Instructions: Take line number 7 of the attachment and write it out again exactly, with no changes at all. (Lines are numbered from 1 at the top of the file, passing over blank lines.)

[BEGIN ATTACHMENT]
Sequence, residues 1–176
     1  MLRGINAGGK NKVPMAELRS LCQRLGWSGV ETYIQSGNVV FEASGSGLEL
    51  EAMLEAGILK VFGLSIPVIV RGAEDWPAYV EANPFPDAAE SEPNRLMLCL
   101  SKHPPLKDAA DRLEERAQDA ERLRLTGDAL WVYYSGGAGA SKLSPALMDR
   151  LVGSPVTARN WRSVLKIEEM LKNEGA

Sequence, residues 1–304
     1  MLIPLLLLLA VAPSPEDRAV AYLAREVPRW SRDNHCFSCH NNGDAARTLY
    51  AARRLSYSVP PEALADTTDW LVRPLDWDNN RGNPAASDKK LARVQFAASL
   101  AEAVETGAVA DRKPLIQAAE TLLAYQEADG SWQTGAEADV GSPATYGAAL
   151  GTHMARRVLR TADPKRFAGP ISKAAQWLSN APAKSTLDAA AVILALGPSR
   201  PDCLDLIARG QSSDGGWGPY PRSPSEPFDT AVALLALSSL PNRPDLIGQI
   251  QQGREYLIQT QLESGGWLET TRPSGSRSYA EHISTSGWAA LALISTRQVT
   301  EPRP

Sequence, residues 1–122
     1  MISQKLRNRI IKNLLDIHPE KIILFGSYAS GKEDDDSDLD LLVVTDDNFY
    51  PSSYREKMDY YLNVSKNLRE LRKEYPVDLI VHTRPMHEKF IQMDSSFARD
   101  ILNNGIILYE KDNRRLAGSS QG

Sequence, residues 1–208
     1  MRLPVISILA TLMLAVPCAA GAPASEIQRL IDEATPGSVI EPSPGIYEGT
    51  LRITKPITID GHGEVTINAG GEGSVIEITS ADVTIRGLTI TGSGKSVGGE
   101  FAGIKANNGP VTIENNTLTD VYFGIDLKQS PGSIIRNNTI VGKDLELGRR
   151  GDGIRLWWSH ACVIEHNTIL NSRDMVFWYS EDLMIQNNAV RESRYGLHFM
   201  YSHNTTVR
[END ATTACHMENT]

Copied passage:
     1  MLIPLLLLLA VAPSPEDRAV AYLAREVPRW SRDNHCFSCH NNGDAARTLY